as with my mother it appears that my father was also quite fond of the beach. I know my father has always been keen on various modes of transportation, but really now! it's a good thing he finally met up with my mom, so he could start hanging out on the beach with humans instead of machines!

the photo above is of my dad taken at muhlenberg college. my father entered muhlenberg in 1940. as with many men of his generation, his studies at college were interrupted by ww2. in october 1942, my father joined the navy and chose the path of a navy career - in the navy he was trained as an officer and aviator.

the caption on the back of this photo reads: "Hot Stuff Posing by Governor Martin's Car at Harrisburg" - to my eye it appears that this was written by my grandfather's hand rather than my dad. there is no date on the photo, since martin didn't become the governor until 1943, I'd say it was taken after 1943! I'll have to ask my dad if he remembers why he was strutting his stuff by the governor's car.

I have a few photos of my dad dressed up in his flight gear, this one is actually dated "1943" - the photo was snapped on lofty road, near the house where my father grew up (the house is not in this photo). what I really love about this photo is the wee boy and wee dog in the background.

my father and mother met in 1950, then married in 1951 - next week, for sepia saturday, in honor of their 59th anniversary which takes place march 31st, I will be posting a few snaps of the still happily married couple!

as a navy aviator, my father's career was varied. in addition to being trained as a pilot, my father also received photographic training. during the first fifteen years, of his twenty-eight years in service, he was stationed aboard a few different aircraft carriers. my dad was a passionate and skilled aviator - he had to be to survive so many take-offs and landings on aircraft carriers. when I was young my dad was stationed at miramar (san diego) naval air station, at the time the base was used as a "navy master jet station." while there my dad was a test pilot, however, these were years before the navy fighter weapons school, so unlike tom cruise and his buddies in the movie top gun, the only things my father shot when he was a 'top gun' were photographs. but piloting a jet traveling at speeds that break the sound barrier definitely had one in the danger zone.

click for more sepia saturday posts.

today's song, danger zone, is from the soundtrack of the 1986 movie top gun and is performed by kenny loggins.


Friday, March 19, 2010

it's starting

just a head's up - I probably will be a bit scarce from the blogosphere for the next week or so. today is the first full day of the cleveland international film festival and I'm planning on spending quite a bit of my waking hours sitting in the dark.

this is the 34th year for the cleveland international film festival and each year it keeps getting bigger and better! last year I volunteered during the festival which was a very rewarding experience as I met so many interesting people and was a part of this incredible community art event - but in working the festival, the number of films I watched was somewhat limited - although I did see quite a few. it is totally uncool to watch a film while one is actually working the festival.

last summer I was approached and asked if I would be willing to be part of a group of volunteers who work ahead of time and make up the ciff's film selection committee. as an incurable film buff, I jumped at the opportunity; and from september until the end of december I watched films - some good, some bad, and some ugly. actually, some of the films were great as was the experience of being on the screening committee. however, it wasn't all fun and games, participating on the selection committee entailed a good amount of work (one had to write a brief review of each film seen) but overall it was an incredible experience. and now because of those hours I have an all access pass - yowser!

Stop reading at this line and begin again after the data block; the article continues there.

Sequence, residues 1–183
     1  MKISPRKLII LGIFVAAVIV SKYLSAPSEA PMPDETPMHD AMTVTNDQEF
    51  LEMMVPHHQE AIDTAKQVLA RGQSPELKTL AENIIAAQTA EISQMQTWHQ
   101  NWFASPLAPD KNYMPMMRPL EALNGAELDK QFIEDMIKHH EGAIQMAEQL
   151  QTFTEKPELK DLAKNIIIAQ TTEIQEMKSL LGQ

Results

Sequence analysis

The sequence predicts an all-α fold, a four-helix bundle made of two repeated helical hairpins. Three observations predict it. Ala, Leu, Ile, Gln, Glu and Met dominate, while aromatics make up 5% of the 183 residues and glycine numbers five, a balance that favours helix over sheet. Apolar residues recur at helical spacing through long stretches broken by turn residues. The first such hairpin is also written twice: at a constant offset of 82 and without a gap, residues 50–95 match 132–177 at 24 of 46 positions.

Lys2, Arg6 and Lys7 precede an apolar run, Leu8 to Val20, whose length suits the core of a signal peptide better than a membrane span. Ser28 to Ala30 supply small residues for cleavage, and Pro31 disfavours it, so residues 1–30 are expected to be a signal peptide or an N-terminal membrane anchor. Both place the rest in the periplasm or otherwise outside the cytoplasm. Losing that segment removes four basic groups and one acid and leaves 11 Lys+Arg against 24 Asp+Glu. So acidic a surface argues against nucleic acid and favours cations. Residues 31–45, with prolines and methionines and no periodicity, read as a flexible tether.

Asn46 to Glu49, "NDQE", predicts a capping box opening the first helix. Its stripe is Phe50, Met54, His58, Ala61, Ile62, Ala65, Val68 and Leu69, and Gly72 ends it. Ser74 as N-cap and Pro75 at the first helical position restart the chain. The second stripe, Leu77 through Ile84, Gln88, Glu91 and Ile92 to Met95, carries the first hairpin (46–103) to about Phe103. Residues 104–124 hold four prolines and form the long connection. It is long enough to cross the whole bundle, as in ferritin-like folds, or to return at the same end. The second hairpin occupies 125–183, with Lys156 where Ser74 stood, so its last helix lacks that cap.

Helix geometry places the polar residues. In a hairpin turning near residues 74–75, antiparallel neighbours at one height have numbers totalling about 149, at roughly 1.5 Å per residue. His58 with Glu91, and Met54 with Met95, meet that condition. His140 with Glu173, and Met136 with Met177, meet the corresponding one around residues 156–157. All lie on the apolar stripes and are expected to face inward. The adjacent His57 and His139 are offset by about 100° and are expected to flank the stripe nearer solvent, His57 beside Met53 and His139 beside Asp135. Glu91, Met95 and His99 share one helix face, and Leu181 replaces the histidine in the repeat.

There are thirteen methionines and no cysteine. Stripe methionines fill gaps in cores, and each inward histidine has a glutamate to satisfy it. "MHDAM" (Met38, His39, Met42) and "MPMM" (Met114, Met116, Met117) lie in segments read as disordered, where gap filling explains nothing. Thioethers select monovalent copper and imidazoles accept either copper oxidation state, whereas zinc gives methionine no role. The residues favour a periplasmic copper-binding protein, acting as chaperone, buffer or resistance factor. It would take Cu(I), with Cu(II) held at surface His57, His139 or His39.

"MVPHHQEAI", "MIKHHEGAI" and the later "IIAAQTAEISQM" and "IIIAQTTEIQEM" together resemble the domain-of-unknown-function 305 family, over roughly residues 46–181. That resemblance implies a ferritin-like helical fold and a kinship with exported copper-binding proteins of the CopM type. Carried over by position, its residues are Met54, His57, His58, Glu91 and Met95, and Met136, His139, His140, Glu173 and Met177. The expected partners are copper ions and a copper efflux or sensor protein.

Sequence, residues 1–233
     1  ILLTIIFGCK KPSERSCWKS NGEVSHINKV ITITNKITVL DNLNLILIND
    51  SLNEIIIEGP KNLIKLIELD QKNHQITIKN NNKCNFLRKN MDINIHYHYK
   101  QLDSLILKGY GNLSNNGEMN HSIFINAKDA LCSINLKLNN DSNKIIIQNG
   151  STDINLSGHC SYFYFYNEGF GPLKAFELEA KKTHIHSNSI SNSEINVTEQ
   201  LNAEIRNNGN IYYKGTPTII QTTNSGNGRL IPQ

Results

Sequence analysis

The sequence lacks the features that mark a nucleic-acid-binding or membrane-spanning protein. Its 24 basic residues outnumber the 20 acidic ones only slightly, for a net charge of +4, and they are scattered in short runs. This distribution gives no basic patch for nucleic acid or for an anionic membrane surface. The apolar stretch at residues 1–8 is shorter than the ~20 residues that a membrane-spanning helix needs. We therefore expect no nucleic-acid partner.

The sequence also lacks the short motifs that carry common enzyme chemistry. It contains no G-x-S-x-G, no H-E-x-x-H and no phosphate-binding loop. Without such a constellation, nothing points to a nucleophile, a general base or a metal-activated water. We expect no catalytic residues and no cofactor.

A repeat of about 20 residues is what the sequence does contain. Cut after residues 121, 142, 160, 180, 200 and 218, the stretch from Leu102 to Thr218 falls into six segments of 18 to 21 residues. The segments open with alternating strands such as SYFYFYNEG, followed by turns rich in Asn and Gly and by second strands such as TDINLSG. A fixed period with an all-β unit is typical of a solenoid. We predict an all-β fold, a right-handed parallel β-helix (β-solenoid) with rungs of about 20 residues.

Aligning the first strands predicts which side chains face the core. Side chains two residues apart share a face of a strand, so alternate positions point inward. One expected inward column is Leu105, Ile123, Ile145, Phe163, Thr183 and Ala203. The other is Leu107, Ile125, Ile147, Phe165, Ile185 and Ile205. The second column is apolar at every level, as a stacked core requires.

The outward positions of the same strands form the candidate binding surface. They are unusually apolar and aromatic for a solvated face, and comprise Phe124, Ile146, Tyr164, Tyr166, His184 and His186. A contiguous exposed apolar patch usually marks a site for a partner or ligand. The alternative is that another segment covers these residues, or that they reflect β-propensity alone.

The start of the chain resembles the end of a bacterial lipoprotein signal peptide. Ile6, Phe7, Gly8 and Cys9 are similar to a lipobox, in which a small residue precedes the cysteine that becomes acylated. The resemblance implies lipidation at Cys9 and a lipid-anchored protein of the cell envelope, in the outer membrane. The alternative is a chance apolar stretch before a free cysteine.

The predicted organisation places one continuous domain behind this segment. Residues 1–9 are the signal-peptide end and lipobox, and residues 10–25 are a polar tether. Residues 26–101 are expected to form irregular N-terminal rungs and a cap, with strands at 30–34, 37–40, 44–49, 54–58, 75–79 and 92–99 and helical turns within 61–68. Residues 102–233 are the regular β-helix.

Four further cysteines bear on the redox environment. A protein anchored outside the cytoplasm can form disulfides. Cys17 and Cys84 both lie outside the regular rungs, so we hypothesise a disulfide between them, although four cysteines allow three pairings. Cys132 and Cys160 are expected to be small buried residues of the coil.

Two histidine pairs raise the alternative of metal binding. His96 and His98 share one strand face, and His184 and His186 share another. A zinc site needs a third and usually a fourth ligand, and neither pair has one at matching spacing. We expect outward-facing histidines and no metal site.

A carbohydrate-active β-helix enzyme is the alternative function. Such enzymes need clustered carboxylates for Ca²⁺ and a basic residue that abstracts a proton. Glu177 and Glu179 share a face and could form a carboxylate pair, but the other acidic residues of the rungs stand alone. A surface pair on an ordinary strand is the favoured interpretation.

the festival officially opened last night with a big film and a big gala afterward. I didn't attend last night, but am looking forward to hearing how it went.

youtube has a vid of last year's ciff developed and produced 'opener' it's starting - the film was shown at the start of each film. " it's starting' was the catchphrase for last year's film festival. this year the phrase is let's go..... and speaking of which, it's time to go! perhaps, I'll see you at the movies!



photo: stack of films, ciff office, cleveland. march 2010

Thursday, March 18, 2010

good morning, good morning

Beer: So much more than just a breakfast drink.
anonymouse


Hope is a good breakfast, but it is a bad supper.

Francis Bacon (1561-1626) philosopher

One of life's best coping mechanisms is to know the difference between an inconvenience and a problem. If you break your neck, if you have nothing to eat, if your house is on fire, then you've got a problem. Everything else is an inconvenience. Life is inconvenient. Life is lumpy. A lump in the oatmeal, a lump in the throat and a lump in the breast are not the same kind of lump. One needs to learn the difference.
Robert Fulghum (b. 1937)writer, minister, artist

You may choose your words like a connoisseur, And polish it up with art, But the word that sways, and stirs, and stays, Is the word that comes from the heart.
Ella Wheeler Wilcox (1850-1919)poet and writer

Friendship is born at that moment when one person says to another, 'What! You too? I thought I was the only one.
C.S. Lewis (1898-1963) scholar and writer

Physically there is nothing to distinguish human society from the farm-yard except that children are more troublesome and costly than chickens and calves and that men and women are not so completely enslaved as farm stock.
George Bernard Shaw (1856-1950) literary critic, playwright and essayist

The difference between involvement and commitment is like ham and eggs. The chicken is involved; the pig is committed.